Sex is still a dirty word

26th January 2007 at 00:00
In a porn-saturated world, some people say it's time we were less coy in class. Adi Bloom reports

While children live in a highly sexualised world where access to pornography has never been easier, there is a still a bunker mentality to sex education, according to one academic who has analysed the impact of a film that was banned in schools in the 1970s.

Growing Up features close-up images of genitalia in various stages of arousal, footage of an adolescent boy and girl masturbating, and shows a naked couple copulating on a bare set. The sex education film, made in 1971, was banned by several local authorities and is unlikely ever to have been shown to secondary school pupils. But, in an article to be published later this year, David Limond, lecturer at Trinity College, Dublin, argues that its impact is still felt in sex-education lessons today.

Growing Up was directed by Martin Cole, a lecturer and founder of the Institute for Sex Education and Research. Dr Cole was also involved in dubious surrogate-sex therapy, in which the therapist acts as sexual partner to the client, but Dr Limond still believes his film has currency.

Dr Limond says that when the film was released, sex education had changed little since the war. It still focused on the biological facts of reproduction and on arguments in favour of marriage. Dr Cole's film, aimed at 13 to 15-year-olds, was intended to bring sex education into the era of sexual liberation. So, as an adolescent boy is shown masturbating, the narrator comments: "Masturbation is important to development, and may provide a natural and healthy sexual outlet for adolescent boys for several years."

Dr Limond says: "Cole (wanted) enjoy sex as much as he did, and thought that Growing Up would be a useful first step on the journey to a sexually liberated society."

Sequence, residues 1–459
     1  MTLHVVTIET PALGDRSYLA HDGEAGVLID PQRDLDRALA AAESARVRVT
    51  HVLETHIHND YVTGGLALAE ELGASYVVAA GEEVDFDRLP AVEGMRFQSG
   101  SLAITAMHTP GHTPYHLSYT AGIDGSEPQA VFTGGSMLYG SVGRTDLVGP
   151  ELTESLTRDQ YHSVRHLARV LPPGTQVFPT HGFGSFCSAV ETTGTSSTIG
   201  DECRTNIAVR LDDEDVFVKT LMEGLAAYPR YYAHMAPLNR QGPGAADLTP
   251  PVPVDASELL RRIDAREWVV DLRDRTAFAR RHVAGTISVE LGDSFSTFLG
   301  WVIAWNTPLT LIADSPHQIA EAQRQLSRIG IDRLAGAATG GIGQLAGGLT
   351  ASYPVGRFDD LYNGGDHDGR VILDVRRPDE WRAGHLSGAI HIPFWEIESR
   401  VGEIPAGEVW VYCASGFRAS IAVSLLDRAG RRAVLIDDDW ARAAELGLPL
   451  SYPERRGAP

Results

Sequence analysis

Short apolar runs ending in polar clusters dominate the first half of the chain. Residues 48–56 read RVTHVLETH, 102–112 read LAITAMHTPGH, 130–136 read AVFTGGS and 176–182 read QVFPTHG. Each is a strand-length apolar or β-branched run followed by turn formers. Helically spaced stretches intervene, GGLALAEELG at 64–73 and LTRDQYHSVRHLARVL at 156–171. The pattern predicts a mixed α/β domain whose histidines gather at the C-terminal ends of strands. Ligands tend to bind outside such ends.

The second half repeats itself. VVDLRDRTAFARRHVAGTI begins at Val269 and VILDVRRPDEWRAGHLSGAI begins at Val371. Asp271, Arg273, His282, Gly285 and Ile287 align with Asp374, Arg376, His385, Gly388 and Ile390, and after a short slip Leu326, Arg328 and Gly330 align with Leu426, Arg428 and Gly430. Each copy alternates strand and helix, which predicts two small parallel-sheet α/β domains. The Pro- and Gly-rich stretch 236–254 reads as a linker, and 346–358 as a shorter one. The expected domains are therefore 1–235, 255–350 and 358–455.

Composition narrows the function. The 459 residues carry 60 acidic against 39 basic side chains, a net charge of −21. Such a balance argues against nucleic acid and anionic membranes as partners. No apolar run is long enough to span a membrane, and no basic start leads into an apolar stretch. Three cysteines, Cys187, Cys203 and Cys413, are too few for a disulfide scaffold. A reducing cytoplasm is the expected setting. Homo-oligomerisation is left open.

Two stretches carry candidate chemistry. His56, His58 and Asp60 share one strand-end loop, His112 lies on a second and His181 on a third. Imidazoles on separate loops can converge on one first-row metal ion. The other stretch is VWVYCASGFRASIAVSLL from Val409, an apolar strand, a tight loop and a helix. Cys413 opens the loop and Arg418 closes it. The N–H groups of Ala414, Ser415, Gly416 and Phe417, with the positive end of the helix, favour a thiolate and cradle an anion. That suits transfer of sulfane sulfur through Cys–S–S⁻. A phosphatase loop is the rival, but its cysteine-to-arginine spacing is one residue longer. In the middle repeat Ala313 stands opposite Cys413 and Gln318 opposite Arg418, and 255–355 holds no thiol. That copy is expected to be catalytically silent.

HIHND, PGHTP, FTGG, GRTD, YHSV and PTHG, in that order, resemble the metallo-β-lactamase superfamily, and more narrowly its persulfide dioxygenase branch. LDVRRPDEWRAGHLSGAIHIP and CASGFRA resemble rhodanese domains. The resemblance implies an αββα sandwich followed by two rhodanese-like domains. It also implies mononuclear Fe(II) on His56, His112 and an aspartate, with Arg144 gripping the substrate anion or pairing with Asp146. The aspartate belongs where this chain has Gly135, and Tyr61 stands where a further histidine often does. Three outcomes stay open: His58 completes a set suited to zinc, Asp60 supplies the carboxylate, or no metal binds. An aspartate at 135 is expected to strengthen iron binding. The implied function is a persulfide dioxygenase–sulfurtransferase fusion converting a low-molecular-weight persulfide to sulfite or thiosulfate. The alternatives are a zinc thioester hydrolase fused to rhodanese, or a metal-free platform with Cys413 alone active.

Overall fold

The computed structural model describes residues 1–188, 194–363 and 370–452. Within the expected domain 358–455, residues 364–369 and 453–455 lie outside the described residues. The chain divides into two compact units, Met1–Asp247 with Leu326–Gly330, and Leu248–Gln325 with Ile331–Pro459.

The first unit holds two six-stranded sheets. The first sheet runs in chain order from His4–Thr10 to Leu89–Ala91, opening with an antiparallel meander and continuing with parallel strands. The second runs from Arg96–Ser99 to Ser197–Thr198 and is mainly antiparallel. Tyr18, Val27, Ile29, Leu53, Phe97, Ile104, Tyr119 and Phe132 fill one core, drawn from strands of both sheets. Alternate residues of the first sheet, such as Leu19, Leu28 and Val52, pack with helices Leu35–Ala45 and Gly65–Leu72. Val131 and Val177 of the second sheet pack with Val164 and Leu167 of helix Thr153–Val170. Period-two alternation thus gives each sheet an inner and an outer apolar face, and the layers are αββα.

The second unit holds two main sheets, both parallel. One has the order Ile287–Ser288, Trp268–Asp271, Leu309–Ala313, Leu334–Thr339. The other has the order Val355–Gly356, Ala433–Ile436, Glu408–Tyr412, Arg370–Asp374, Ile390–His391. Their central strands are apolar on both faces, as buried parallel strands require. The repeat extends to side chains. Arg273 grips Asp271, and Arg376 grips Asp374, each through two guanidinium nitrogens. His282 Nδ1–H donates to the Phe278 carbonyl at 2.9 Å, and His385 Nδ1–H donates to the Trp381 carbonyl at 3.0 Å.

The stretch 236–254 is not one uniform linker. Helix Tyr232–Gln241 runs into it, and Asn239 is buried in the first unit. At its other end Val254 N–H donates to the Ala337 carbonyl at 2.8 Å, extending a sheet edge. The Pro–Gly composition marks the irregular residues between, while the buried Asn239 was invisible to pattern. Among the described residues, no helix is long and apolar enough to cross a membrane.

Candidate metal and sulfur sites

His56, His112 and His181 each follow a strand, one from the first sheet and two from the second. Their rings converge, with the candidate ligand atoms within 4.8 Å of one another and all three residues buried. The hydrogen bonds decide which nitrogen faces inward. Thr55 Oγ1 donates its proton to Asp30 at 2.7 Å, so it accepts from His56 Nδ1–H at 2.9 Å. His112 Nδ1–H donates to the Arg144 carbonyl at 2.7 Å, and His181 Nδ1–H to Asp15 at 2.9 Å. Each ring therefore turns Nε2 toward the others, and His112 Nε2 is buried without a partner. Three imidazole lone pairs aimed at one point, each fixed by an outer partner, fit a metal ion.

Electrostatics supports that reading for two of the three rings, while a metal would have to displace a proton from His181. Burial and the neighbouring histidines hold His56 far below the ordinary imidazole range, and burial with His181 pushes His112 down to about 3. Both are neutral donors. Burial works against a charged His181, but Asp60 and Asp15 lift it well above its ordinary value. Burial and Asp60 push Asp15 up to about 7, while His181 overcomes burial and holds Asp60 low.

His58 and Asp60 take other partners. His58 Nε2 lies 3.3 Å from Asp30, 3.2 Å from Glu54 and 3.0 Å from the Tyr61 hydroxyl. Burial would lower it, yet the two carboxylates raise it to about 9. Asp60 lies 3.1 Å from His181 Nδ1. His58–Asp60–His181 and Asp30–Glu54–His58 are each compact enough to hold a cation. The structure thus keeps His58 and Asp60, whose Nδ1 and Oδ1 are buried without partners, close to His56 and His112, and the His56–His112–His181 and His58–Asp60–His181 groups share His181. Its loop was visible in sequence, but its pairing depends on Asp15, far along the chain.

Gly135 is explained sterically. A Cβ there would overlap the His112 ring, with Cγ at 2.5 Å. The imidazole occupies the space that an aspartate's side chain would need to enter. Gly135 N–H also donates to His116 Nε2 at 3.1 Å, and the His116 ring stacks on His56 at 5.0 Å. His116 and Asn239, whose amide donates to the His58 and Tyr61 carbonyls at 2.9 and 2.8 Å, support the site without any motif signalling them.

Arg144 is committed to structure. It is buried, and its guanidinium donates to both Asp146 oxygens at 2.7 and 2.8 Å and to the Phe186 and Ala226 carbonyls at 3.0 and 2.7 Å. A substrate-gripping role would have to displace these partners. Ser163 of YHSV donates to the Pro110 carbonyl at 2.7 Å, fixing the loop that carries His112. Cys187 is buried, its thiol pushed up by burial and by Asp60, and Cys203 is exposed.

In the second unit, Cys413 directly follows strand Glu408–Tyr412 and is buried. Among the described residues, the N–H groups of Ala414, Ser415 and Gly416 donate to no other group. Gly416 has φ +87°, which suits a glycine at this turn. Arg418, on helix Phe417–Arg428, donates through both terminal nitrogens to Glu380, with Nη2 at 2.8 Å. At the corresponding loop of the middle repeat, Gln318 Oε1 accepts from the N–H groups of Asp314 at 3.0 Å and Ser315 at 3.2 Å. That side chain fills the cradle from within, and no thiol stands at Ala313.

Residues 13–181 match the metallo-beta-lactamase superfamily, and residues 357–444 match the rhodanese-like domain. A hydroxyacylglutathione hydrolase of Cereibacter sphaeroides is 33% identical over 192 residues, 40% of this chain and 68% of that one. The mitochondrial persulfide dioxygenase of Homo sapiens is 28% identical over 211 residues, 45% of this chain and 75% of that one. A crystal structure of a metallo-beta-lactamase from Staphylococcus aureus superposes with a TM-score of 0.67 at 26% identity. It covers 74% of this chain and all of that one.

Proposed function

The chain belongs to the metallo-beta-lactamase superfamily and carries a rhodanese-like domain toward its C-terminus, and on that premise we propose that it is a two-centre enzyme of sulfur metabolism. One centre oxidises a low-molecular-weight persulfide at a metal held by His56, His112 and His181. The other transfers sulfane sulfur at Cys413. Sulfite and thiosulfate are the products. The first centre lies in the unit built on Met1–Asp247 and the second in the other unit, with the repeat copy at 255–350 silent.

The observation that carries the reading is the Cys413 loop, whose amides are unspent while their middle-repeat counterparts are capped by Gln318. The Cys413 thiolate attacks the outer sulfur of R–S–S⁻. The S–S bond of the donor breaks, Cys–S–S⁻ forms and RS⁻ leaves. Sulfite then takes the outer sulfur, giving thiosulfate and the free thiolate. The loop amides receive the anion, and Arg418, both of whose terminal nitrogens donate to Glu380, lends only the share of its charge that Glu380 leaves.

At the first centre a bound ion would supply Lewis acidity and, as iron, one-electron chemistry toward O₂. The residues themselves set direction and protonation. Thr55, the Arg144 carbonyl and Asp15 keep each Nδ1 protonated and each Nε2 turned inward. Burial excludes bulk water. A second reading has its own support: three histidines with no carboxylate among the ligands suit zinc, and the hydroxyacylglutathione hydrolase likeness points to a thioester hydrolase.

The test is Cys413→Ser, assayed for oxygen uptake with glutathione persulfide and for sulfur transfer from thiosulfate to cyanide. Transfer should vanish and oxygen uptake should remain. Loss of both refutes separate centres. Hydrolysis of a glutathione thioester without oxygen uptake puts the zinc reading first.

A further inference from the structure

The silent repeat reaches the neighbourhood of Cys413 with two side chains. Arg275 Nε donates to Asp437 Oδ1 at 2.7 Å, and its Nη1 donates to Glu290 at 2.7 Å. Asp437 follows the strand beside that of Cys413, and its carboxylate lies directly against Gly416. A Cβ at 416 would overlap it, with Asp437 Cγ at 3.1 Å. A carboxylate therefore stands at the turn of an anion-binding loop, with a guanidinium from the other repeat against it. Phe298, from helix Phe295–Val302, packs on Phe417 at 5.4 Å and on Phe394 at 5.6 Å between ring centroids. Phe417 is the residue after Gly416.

Birmingham was the first authority to ban the film from its schools. The National Association of Head Teachers said it was "horrified" by what it saw. Margaret Thatcher, then education secretary, expressed her distaste for the film and said that she would prefer schools not to use it in lessons. She was subsequently pressed into giving parents the right to withdraw children from sex education classes. Since 2000, sex education has been mandatory in all state secondaries. But the subject still causes debate, with new initiatives often the subject of controversy.

"Current materials for children don't even use explicit cartoons," Dr Limond says. "Sex is still veiled and mysterious. But once you're in the adult world, anything goes. There has to be a better transition.

"In many respects, Growing Up was thoroughly unerotic. But if anyone tried anything similar today, people would immediately revert to positions that were entrenched 30 years ago."

So, he says, Growing Up has set limits to sex-education lessons that have not been transgressed since.

"The film proved to be the pale beyond which many politicians, parents and teachers were not, and are not, prepared to go," he says.

'Martin Cole, the Growing Up controversy, and the limits of school sex education in 1970s England' will be published in the journal History of Education.


1986: Jenny Lives With Eric and Martin, a picture book depicting the domestic life of a girl, her father and his male partner, was discovered in the Inner London Education Authority's library. It led to Section 28, prohibiting the promotion of homosexuality in schools.

2003: A teacher attacked the government-backed sex-education scheme Apause (Added Power and Understanding in Sex Education), claiming that the course, which encourages teachers to consider how they would respond to questions such as "What does semen taste like?", was "morally irresponsible".

2005: Government advisers proposed that primary pupils should be taught personal, social and health education, and that their teachers should answer questions about where babies come from. The press claimed "children as young as five are to get compulsory sex lessons".

2007: New legislation bans businesses from discriminating against homosexuals. Christian groups protest, fearing that faith schools would no longer be able to promote marriage in preference to civil or homosexual partnerships.

Subscribe to get access to the content on this page.

If you are already a Tes/ Tes Scotland subscriber please log in with your username or email address to get full access to our back issues, CPD library and membership plus page.

Not a subscriber? Find out more about our subscription offers.
Subscribe now
Existing subscriber?
Enter subscription number


The guide by your side – ensuring you are always up to date with the latest in education.

Get Tes magazine online and delivered to your door. Stay up to date with the latest research, teacher innovation and insight, plus classroom tips and techniques with a Tes magazine subscription.
With a Tes magazine subscription you get exclusive access to our CPD library. Including our New Teachers’ special for NQTS, Ed Tech, How to Get a Job, Trip Planner, Ed Biz Special and all Tes back issues.

Subscribe now